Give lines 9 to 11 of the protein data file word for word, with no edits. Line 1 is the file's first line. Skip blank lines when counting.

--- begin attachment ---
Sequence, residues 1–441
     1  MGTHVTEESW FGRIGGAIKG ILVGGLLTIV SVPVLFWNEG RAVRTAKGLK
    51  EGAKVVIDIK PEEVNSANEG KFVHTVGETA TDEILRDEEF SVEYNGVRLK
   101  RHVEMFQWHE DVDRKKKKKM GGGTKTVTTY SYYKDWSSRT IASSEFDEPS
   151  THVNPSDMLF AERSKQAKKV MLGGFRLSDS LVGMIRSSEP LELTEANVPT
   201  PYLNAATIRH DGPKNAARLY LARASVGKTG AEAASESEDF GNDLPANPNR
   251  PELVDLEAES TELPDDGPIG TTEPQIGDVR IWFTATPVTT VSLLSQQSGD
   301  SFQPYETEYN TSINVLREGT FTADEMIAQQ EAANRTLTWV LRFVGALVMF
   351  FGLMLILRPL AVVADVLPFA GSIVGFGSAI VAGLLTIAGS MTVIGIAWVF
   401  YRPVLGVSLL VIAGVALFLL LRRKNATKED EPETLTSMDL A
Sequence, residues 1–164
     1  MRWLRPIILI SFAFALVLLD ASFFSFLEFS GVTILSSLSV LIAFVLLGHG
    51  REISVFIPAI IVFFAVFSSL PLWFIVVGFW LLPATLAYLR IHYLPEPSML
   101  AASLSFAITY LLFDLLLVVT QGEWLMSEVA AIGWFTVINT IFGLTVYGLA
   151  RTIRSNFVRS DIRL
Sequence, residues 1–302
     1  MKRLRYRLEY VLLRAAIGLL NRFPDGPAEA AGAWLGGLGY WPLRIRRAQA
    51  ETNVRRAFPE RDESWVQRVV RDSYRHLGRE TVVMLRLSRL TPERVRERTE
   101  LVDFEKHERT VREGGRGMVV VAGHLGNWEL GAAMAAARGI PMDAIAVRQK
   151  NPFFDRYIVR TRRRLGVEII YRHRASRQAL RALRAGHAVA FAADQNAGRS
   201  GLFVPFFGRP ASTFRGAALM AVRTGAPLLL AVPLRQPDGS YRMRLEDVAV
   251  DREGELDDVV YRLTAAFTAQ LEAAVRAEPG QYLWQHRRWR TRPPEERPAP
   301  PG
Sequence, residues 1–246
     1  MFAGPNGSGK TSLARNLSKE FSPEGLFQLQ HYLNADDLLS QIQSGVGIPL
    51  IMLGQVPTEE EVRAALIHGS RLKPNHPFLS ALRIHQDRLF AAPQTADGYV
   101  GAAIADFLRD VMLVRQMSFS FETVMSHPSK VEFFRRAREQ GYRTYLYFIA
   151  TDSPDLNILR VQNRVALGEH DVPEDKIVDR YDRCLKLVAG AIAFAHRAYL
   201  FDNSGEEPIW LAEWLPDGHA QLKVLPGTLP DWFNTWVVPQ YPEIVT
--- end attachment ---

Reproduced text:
   351  FGLMLILRPL AVVADVLPFA GSIVGFGSAI VAGLLTIAGS MTVIGIAWVF
   401  YRPVLGVSLL VIAGVALFLL LRRKNATKED EPETLTSMDL A
Sequence, residues 1–164